But Kevin E. Omland, an associate professor of biological sciences at UMBC, insists that the visuals are not what have drawn him to study these startling birds. It’s their evolutionary history.
Over the course of five million years, he explains, a single ancestral species gave rise to some 30 different species, most of which live in Central and South America. “We are using orioles as a model group to understand evolution,” he says.
Omland has used the DNA of the birds to work out a detailed family tree. From its branches, he can tell which birds are most closely related to each other, and, more importantly, begin to work out when various traits evolved and why. For instance, DNA evidence suggests that the birds had their origins in Mexico.
The family tree also led Omland to realize that Maryland’s orioles are “pretty strange.” Most of the rest of the oriole species do not migrate. And in many, if not most, of the other species, female birds are brightly colored and sing fluently, just like males.
“Some of the females sing more than males!” he exclaims.
The assumption that male birds are the ones that sing and wear showy plumage has led many scientists to ask the wrong questions about evolution, Omland says. Instead of asking how and why males evolved to be gaudy and musical, he argues, it makes more sense to ask how and why females evolved to be drab and mute.
For orioles, ancestral males and females probably looked and acted similar, shooting like orange-and-black balls of fire among the trees of Mexico, singing to each other.
Today, the description fits many tropical orioles – but not the Baltimore oriole or orchard oriole. Compared to the males, the females sing a simpler tune and look like a drab cousin, with a dull orangey-tan or yellow breast and olive-brown head and wings.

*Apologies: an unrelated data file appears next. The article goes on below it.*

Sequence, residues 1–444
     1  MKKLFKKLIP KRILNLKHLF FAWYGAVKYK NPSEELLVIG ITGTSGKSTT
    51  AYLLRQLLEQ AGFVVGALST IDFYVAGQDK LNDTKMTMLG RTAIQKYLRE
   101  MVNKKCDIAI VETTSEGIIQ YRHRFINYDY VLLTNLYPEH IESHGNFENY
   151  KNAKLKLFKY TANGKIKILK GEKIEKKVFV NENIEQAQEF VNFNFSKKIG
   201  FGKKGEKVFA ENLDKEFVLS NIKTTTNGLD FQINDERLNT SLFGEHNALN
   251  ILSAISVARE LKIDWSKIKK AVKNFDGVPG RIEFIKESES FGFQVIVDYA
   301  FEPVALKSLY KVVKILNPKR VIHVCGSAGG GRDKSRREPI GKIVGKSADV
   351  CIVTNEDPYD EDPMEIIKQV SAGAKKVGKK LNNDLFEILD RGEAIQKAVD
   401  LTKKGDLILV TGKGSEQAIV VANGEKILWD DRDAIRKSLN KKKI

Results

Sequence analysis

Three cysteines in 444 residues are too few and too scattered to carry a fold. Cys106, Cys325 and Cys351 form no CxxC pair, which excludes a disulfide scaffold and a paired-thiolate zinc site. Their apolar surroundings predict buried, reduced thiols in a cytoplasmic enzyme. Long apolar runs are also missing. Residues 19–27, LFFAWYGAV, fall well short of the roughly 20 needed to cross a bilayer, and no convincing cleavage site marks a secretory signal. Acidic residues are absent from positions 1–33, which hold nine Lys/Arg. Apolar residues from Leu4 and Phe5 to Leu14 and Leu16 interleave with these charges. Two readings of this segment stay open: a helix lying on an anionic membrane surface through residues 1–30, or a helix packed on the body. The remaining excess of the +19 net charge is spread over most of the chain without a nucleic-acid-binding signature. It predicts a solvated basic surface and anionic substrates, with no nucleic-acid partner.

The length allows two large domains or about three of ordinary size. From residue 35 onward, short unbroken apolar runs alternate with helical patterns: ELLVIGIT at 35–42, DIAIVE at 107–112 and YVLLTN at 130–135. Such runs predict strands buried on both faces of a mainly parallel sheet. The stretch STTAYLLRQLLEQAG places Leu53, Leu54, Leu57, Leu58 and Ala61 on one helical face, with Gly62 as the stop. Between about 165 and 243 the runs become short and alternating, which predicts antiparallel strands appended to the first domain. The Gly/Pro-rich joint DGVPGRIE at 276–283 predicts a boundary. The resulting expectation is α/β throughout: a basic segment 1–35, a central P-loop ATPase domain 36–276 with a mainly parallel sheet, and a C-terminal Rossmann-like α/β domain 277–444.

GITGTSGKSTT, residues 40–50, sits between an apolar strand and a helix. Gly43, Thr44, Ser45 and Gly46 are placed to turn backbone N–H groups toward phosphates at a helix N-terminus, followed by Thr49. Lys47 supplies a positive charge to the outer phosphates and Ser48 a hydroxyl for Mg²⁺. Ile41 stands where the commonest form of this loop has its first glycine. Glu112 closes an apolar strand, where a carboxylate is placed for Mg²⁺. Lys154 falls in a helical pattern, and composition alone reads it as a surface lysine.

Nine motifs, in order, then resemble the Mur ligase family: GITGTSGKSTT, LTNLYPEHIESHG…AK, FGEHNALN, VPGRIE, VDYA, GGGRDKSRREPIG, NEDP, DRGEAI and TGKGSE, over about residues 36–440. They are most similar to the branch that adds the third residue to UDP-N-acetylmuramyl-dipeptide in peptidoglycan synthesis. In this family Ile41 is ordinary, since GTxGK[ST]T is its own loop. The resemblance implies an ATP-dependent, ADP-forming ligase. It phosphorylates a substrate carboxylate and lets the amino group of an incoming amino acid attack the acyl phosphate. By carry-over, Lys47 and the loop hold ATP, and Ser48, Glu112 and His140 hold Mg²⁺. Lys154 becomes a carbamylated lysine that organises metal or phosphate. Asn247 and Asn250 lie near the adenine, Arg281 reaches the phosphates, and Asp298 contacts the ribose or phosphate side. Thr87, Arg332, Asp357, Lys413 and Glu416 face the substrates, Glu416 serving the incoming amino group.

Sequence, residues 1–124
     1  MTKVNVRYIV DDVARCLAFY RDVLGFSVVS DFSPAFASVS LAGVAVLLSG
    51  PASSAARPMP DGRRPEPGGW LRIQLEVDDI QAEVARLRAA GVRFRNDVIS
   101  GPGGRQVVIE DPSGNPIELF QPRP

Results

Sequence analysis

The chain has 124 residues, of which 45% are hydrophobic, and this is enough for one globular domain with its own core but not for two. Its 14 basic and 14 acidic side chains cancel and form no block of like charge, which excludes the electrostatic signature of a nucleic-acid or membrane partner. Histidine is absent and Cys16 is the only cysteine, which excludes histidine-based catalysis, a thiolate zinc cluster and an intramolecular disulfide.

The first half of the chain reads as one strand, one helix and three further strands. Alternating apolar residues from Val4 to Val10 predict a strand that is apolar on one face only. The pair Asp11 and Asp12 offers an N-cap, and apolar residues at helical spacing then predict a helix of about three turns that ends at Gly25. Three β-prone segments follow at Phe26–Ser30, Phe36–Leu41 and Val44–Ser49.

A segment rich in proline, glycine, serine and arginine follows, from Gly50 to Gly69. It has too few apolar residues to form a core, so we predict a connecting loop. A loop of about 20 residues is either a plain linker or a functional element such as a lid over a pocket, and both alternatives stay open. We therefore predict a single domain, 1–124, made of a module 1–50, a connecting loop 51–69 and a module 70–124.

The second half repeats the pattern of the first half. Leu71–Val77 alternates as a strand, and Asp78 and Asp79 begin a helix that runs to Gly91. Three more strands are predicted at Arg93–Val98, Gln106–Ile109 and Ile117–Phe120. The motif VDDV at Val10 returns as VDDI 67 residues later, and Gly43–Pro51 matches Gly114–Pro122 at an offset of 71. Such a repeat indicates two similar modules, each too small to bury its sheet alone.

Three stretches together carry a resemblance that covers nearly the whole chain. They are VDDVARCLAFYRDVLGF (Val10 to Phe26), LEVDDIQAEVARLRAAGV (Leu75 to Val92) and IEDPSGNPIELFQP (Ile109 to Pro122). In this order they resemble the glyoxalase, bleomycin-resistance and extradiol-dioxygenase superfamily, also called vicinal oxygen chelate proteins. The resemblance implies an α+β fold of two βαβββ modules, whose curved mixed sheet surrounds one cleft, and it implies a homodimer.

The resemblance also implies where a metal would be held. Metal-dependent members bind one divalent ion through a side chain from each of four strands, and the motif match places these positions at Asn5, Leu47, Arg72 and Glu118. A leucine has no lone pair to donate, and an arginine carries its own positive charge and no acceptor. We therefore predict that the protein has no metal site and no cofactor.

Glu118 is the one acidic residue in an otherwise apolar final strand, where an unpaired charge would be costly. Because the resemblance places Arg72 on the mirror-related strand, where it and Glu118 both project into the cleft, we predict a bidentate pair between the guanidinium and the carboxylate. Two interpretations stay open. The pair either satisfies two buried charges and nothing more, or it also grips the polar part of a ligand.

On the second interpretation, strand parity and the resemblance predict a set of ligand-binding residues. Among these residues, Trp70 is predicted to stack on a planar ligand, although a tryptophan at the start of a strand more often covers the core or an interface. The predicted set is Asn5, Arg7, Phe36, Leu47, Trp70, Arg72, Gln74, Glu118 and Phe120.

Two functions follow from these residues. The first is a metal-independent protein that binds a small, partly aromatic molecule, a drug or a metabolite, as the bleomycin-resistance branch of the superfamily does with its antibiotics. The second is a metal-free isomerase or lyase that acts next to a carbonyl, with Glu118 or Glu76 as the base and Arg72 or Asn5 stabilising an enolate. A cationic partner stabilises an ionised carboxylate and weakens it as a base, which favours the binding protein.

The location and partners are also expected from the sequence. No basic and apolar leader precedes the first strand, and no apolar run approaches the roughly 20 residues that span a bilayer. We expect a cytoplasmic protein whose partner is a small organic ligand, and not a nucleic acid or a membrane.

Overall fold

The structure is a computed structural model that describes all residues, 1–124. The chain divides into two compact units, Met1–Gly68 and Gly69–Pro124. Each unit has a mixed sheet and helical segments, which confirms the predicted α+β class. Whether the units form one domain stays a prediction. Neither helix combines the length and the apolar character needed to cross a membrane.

Why did the females lose their color and song? Perhaps predation targets females during migration or at the nest, and so they have adapted by blending in with their surroundings. Omland does know that over time, female orioles lost their bright color and song more than once – Baltimore and orchard orioles independently evolved these adaptations.
Omland has been studying orioles for 13 years to learn about evolution, and has no intention to stop: “We’re looking back in time. Sure, the view is fuzzy. You’re really squinting to see anything. That you can look back in time at all is so cool.”
For more information, visit www.umbc.edu/biosci/Faculty/OmlandLabWebpage/NewPages/.
Leading the Way
UMBC recently filled two key academic leadership posts with faces who have become quite familiar on campus.
• Janet Rutledge has been tapped as Vice Provost and Dean of the Graduate School, leading the university’s efforts in graduate education. After taking her undergraduate degree at Rensselaer Polytechnic Institute and her doctorate in electrical engineering at Georgia Tech, Rutledge taught at Northwestern University and worked at the National Science Foundation. She has held numerous leadership positions in UMBC’s Graduate School, including Acting Dean of the Graduate School and Interim Vice Provost before assuming the position permanently.
• The university has selected Geoff Summers as its new Vice President for Research, leading UMBC’s efforts to advance research and creative activity. Before arriving at UMBC, Summers took undergraduate and graduate degrees (including a Ph.D. in physics) at the University of Oxford, and he taught at the University of North Carolina at Chapel Hill and Oklahoma State University. At UMBC, he has served as the chair of the Physics department and founding dean of the College of Natural and Mathematical Sciences.